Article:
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Saturday, December 2, 2017

Check Which Site Your Computer Is Connecting To Without You Knowledge | Command Prompt

There are many internet connection going on in your computer with your knowledge. For example, Windows update manager is connecting to its server searching new updates and downloading them, your e-mail client is also doing the same even if you have not launched them. But they might not be the only ones connecting to the internet.

When you computer is infected by malware or virus, these too can make internet connection to its server to communicate with its sender. So monitoring your background internet connect is really very important.
To unhide those connections do the following.

  1. Run Command Prompt as administrator.
    To do this, open the Start Menu and search for CMD, right-click on the result and select Run as administrator.
     
  2. Next, type in this command line into it.
     netstat -abf 10 > net_activity.txt
    the netstat is to start the utility required to gather the information. -a tells the utility to show all Connections and Listening Port. -b tells it to add what application is making the connection, while -f tells the utility to also include the full list of DNS for each connection.
    10
    tells to utility to poll out these information every 10 seconds, and > net_activity.txt tell the utility to save the record it poll out to the net_activity.txt file.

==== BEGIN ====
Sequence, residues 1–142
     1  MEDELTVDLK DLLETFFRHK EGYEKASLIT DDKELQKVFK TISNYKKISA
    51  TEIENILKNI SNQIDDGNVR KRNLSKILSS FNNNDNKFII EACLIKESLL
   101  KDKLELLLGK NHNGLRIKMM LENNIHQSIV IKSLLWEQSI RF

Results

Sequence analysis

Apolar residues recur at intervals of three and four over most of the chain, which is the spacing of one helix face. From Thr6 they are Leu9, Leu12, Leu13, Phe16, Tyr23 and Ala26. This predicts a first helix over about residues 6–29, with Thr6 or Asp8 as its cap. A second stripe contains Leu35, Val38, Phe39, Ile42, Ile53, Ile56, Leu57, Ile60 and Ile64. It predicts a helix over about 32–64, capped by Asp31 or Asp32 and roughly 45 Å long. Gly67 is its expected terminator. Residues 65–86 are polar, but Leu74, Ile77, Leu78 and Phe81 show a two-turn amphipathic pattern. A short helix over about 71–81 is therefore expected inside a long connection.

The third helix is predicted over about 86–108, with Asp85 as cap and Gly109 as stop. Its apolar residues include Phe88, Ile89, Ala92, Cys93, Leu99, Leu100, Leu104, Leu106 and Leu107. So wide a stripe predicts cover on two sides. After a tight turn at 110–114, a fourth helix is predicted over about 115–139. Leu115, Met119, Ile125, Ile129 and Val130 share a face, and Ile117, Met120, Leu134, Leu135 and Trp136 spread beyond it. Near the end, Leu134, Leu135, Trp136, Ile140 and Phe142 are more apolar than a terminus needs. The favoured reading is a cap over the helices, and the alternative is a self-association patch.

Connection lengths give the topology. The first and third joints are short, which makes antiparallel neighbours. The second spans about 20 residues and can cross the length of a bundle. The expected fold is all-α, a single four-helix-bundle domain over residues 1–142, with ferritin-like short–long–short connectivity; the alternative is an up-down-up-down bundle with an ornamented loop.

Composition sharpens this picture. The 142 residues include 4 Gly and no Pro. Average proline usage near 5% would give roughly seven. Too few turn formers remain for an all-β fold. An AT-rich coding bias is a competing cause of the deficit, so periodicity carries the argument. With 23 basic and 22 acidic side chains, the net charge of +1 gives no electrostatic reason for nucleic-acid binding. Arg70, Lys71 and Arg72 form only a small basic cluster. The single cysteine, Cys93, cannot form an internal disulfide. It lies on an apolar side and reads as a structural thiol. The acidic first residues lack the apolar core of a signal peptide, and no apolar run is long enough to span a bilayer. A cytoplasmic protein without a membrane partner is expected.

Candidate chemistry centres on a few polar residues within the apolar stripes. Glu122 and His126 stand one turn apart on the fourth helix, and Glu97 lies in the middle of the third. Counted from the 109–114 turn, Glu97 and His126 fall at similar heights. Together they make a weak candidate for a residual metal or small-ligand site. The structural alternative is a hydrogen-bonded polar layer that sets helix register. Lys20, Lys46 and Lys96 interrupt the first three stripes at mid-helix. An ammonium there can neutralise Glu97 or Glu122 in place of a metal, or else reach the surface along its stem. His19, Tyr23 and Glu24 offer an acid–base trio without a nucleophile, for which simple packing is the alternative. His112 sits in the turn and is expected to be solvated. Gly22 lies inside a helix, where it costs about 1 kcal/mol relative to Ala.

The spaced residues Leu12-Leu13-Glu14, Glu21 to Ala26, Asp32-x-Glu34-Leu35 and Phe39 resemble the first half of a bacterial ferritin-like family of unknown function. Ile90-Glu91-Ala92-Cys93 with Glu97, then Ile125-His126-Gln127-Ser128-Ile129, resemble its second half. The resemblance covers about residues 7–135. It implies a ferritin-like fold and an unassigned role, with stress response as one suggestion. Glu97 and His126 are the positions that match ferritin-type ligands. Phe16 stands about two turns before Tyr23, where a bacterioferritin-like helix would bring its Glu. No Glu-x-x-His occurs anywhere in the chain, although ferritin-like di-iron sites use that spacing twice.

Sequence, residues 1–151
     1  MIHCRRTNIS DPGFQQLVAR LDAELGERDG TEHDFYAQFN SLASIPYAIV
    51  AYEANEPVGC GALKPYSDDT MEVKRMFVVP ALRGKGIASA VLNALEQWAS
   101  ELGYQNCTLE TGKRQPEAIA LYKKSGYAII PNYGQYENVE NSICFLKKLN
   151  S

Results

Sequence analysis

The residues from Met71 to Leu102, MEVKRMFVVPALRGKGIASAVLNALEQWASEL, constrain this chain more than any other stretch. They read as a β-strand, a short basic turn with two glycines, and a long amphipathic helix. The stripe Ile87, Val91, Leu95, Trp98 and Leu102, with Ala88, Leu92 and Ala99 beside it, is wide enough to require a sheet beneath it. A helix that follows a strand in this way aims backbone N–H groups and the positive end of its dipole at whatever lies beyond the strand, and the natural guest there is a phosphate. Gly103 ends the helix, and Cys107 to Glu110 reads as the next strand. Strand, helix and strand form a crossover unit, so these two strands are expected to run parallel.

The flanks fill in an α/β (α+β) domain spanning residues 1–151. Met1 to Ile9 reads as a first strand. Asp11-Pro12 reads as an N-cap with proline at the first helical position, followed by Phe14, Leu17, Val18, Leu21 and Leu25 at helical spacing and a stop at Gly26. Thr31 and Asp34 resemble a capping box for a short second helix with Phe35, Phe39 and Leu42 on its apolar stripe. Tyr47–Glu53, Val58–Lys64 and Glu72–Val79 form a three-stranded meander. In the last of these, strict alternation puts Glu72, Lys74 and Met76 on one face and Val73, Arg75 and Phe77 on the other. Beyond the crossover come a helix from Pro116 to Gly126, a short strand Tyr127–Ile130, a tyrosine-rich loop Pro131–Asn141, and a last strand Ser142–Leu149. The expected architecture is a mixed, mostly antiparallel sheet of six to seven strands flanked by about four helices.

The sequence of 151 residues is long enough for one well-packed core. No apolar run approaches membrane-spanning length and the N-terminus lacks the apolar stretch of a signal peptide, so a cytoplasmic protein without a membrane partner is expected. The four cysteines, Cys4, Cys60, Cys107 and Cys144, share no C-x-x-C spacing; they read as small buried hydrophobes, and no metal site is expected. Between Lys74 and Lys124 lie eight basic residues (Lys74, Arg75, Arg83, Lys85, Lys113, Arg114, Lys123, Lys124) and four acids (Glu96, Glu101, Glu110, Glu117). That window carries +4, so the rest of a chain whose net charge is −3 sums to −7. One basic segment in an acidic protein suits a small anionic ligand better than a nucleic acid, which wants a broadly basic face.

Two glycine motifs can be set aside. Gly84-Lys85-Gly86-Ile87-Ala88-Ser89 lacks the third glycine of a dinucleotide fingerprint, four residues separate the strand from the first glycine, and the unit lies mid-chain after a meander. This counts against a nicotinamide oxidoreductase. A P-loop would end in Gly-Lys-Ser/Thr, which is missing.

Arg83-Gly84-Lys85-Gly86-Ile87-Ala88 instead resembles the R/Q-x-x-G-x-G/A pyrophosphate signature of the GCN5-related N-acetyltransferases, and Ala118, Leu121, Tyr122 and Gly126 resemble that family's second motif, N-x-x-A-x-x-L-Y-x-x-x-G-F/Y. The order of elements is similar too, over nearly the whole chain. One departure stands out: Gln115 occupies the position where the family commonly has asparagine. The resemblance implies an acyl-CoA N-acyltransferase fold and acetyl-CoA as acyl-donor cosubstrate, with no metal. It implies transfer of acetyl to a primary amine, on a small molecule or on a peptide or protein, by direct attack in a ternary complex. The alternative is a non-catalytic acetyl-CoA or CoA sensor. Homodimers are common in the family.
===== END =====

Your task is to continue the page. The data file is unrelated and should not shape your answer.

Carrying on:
3. When you have allowed it run for some time, press Ctrl+C to stop the utility from polling out any further activity.
     
  4. Now type in net_activity.txt and hit the Enter button to open the net_activity.txt containing all the information that have been pulled out.
    To locate this file incase of future reference, go to the \Windows\System32 folder.
     
  5. When you open the file, you will see all the process (that is, applications) that made a connection during the time you left the command prompt running.
    If you are not familiar to a process in the list, you can type  “what is (name of unknown process)” in Google to search for it.
    If it is something you are not comfortable with, then you can search on Google again to learn of how to get rid of it.
If you are not good at reading log files, then you can use TCPView or CurrPorts to display a list of all currently opened TCP/IP and UDP ports on your computer.

So there you have it, you no longer have to be in the dark as to which application in your computer is using your internet connection.



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